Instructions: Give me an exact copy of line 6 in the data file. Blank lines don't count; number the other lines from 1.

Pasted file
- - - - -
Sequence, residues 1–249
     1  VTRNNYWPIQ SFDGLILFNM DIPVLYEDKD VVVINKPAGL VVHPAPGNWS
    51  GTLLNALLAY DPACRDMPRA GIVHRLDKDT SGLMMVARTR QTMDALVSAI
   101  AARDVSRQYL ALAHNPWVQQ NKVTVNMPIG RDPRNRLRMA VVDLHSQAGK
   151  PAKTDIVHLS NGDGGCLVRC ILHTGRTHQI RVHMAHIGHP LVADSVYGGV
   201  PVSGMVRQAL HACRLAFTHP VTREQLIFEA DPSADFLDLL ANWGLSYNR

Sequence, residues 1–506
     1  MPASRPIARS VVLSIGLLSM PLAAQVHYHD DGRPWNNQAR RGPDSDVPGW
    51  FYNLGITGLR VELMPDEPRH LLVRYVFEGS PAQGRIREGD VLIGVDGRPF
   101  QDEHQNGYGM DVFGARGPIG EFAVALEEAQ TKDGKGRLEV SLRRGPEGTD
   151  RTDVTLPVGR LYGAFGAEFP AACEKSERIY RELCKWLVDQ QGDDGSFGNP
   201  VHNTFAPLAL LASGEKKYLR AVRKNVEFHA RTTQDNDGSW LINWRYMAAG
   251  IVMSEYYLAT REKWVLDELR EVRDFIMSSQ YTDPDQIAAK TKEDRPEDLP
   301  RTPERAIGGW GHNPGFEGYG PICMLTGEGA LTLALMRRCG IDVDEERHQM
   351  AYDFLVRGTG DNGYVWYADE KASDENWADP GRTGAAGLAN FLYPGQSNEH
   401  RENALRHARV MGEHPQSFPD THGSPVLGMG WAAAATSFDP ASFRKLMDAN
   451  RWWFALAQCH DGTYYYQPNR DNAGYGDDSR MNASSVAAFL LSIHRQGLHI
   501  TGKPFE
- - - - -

   201  PVSGMVRQAL HACRLAFTHP VTREQLIFEA DPSADFLDLL ANWGLSYNR